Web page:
State routes 366, 273 and 262 will reopen in the spring.

Tips on winter driving are available at

Arizona recognizes Traffic Incident Management Awareness Week

PHOENIX – From minor incidents on high-volume freeways to serious collisions on lightly-traveled rural roads and everything in between, Traffic Incident Management keeps the traveling public moving and safe after incidents occur.

This week, the Arizona Department of Transportation and Arizona Department of Public Safety join other states and municipalities across the country in recognizing Traffic Incident Management Awareness Week.

Nearly 350 vehicle crashes occur every day in Arizona and most will be visited by emergency responders, which can include law enforcement, fire departments, medical services, transportation crews and tow trucks. Different responders have different duties on scene – some tend to victims and others gather information about the incident, while others removed damaged vehicles and clear space to make travel safer for other motorists – but all are practicing Traffic Incident Management (TIM).

“Safety is our top priority and when there’s an incident we’re looking out for three groups of people,” said Derek Arnson, ADOT’s Traffic Management Group manager. “The people involved in the crash, the emergency responders and the traveling public. TIM practices and strategies help us keep those people safe and traffic moving.”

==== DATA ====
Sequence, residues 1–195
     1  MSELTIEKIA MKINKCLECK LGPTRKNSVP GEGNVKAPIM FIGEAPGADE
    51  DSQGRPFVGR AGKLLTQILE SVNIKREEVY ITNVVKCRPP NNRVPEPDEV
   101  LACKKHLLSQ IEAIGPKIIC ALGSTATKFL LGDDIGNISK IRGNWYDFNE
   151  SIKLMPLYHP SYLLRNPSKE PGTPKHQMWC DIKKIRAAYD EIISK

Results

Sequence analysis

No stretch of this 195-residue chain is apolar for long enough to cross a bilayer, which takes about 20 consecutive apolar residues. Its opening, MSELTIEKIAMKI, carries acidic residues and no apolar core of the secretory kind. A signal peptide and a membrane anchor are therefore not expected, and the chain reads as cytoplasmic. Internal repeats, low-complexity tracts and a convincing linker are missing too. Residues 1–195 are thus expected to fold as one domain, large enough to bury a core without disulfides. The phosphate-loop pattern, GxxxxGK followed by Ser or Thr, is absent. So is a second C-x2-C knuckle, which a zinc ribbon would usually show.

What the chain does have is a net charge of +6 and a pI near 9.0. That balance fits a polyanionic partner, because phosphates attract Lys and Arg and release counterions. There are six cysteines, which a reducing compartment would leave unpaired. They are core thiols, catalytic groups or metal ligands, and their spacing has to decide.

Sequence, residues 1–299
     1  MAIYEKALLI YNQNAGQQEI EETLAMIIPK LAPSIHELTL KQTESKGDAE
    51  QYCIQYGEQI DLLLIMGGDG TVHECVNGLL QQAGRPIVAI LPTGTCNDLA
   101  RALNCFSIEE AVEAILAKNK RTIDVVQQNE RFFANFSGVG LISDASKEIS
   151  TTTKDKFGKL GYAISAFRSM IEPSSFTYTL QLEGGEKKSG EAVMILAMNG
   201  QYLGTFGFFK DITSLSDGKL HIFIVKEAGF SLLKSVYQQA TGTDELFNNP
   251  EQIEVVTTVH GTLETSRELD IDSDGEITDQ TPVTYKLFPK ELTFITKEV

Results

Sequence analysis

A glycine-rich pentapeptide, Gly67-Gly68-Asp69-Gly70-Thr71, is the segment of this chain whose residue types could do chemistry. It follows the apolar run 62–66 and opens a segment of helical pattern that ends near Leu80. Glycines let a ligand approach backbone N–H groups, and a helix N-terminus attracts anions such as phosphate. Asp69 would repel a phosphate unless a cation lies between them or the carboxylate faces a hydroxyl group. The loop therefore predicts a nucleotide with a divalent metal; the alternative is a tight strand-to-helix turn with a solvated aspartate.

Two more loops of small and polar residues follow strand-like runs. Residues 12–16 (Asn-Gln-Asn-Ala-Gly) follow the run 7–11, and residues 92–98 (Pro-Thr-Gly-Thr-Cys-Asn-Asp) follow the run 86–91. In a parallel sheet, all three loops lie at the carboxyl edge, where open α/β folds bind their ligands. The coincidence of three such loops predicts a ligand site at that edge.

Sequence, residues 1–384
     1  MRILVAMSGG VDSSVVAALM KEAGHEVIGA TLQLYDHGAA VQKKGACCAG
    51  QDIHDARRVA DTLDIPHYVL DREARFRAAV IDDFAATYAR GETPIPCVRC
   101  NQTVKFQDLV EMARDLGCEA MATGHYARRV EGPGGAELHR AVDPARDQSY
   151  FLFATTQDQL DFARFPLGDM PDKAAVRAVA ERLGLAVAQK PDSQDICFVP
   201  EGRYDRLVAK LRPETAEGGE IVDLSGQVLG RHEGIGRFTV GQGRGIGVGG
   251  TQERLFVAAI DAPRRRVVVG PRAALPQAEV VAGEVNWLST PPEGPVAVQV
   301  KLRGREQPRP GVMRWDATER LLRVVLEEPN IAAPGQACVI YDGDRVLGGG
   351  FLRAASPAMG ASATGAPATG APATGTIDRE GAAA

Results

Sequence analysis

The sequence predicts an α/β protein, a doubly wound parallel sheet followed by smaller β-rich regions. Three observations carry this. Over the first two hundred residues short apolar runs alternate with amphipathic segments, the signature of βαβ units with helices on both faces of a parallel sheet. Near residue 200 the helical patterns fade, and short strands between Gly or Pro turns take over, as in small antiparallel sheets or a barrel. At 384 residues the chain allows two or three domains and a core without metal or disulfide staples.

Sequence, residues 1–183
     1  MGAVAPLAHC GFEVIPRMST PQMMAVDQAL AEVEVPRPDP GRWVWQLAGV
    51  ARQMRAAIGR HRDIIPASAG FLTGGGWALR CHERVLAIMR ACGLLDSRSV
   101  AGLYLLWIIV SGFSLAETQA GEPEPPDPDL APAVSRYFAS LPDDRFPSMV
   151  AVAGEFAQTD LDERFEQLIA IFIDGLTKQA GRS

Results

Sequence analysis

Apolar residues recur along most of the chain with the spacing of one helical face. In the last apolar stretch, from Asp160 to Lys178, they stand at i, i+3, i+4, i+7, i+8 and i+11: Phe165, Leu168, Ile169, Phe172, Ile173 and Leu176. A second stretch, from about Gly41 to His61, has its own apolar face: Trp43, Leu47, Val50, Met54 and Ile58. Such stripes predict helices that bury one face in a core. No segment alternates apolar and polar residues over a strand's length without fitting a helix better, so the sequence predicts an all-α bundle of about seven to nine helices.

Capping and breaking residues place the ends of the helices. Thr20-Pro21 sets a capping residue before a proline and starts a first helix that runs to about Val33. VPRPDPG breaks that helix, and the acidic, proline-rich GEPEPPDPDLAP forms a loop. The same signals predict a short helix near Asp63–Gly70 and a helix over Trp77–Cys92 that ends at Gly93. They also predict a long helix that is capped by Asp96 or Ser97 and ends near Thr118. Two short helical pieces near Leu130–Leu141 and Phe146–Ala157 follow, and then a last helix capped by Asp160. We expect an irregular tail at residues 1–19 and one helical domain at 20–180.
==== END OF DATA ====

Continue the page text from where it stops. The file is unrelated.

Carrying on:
The traveling public can contribute to that safety – for themselves and others – in two simple ways: “Quick Clearance” and “Move Over.”

“Quick Clearance” is a state law that requires a driver involved in a minor crash without injuries to remove their vehicle from the roadway if it is operable and can be moved safely. No one wants to be in this situation, but with a vehicle crash occurring about every four minutes in Arizona, everyone should know how best to stay safe following a minor, non-injury collision.